- A mixture of baking soda and water, anywhere from 50 to 100 cc’s, may neutralize the acidity that is causing the bloat, but you’ll have to follow up and work hard to get the young goat’s rumen back to normal afterward. This solution can be administered as a wash through a stomach tube as usual, or directly if the goat will still drink.
Your very best bet for saving a young goat afflicted by abomasal bloat is prompt and continuous vet care, and even then the chances aren’t good…
What’s the Best Remedy for Bloat in Goats?
There are lots of great anti-bloating remedies and preventatives out on the market, but my very favorite one is by Duravet.
This is a treatment that has been trusted for a long time, and can be used for immediate relief in case of bloat and also bloat prevention during high-risk times, such as in the case of wet forage or if your goats are eating more legumes than usual.
Not only does it break down foam in the case of frothy bloat, but actively disperses gas and even helps to relieve tension on the rumen itself.
This can provide a goat with immediate relief and ongoing assurance that the bloat won’t return. Definitely one tool you will want in your goat-care toolbox!
How to Prevent Bloat in Goats
The old advice that says prevention is worth a lot more than cure definitely holds true when it comes to bloated animals…
Most of the time, it’s entirely possible to keep your goats from getting bloat through proper management practices and careful moderation of their diet. However, frothy and free gas- or choke bloat require different preventative measures from abomasal bloat.
Managing frothy bloat is mostly a matter of being cautious with what you feed your goats concerning composition and timing, and also managing the pasture that they graze upon.
For starters, your goats should only be getting limited amounts of protein-rich rich foods, and should be persisting predominantly on long grain grasses and correct amounts of hay.
Don’t allow your goats to overindulge in any sort of legumes, including alfalfa and clover, or processed foods containing lots of protein or carbohydrates.
If you’re increasing the intake of any off these foods, make sure they still get plenty of grasses to compensate and introduce the rich foods slowly.
Also, make it a point to inspect the pasture that they will be grazing in and ensure they don’t have too many legumes to eat because they will binge on them. This too can be moderated by letting your goats eat grass and hay before you let them out to pasture so they are fuller.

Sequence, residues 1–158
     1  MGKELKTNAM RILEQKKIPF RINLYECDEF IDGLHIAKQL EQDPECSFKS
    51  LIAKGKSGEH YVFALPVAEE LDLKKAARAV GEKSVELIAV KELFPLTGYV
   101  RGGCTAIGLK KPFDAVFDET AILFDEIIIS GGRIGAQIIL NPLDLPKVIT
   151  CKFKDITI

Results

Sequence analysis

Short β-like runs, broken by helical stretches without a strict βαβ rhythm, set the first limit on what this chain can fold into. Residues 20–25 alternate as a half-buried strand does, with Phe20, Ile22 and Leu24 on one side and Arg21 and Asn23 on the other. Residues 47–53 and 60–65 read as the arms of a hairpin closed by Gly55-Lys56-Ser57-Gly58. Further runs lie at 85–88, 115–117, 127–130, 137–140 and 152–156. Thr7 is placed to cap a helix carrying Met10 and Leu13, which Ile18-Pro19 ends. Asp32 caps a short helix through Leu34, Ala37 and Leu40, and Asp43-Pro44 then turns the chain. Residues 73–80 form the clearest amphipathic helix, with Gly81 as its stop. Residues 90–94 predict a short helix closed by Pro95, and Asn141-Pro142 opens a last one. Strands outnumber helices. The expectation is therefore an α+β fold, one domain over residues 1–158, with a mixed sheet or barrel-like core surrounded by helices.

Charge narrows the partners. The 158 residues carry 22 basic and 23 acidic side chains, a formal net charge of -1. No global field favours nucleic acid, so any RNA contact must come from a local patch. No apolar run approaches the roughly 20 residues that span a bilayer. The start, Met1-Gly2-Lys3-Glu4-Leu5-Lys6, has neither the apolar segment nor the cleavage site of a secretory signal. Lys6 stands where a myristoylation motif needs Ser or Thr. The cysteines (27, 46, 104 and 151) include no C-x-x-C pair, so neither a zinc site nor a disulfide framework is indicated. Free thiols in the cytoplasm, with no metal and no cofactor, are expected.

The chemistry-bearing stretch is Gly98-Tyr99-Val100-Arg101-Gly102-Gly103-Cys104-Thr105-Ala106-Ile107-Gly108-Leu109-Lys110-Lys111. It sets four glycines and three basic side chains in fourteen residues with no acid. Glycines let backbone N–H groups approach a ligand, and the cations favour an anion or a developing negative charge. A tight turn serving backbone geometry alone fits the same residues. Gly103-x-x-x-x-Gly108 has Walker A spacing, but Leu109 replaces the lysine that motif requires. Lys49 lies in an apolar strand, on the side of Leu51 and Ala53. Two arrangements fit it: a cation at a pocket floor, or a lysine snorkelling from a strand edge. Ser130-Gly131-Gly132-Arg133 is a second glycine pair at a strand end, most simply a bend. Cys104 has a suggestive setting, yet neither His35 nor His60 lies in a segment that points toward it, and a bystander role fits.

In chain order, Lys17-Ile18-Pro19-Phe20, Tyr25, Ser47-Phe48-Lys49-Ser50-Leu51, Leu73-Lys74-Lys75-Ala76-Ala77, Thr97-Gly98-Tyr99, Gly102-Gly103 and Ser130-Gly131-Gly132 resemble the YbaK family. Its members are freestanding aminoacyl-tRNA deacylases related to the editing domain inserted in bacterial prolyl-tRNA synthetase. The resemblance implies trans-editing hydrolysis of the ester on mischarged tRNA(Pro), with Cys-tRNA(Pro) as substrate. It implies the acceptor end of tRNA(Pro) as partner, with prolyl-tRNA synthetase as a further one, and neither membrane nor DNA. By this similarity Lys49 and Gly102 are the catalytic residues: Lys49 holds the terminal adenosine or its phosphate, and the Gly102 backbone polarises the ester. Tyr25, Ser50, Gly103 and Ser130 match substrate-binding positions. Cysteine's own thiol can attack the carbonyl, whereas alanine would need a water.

Another common cause of frothy bloat is wet grass and other food, so try not to let your goats eat anything until you are sure it is very dry.
Free Gas or Choke Bloat
When giving your goat any kind of treat in the form of firm fruits or vegetables make sure they are very small pieces to reduce the likelihood that they will get stuck in their esophagus.
If you suspect a goat has something caught in their throat, look closely and you might be able to remove it cautiously.
If you find swelling, a tumor, or some other growth or deformity are impinging upon the goat’s throat, contact your vet right away.
If a goat has been lying down for a long time, for any reason, make it a point to try and get them up and move them around periodically (if you can do so safely) to prevent gas from being trapped due to positional blockage.
Keep a close eye on any rescued goat that was stuck in an unusual position for any length of time. Gas might be trapped, and if it has been trapped long enough the tension on the rumen will prevent the goat from belching to expel it.
In that case, you’ll need to intervene as above…
To prevent abomasal bloat in kids, it’s critical that they get plenty of colostrum early in life, and that they’re only getting enough milk, not too much!
If feedings get disrupted or mom is allowed to lie down too often and for too long, her udder will be full of milk and the hungry kid will drink too much for its developing system to deal with. More often, shorter and lower-volume nursing is preferable.
Likewise, if giving a kid milk replacer it is essential that you follow the manufacturer’s instructions to the letter: improperly mixed or fed milk replacer is another leading cause of abomasal bloat.
Tim is a farm boy with vast experience on homesteads, and with survival and prepping. He lives a self-reliant lifestyle along with his aging mother in a quiet and very conservative little town in Ohio. He teaches folks about security, prepping and self-sufficiency not just through his witty writing, but also in person.
Find out more about Tim and the rest of the crew here.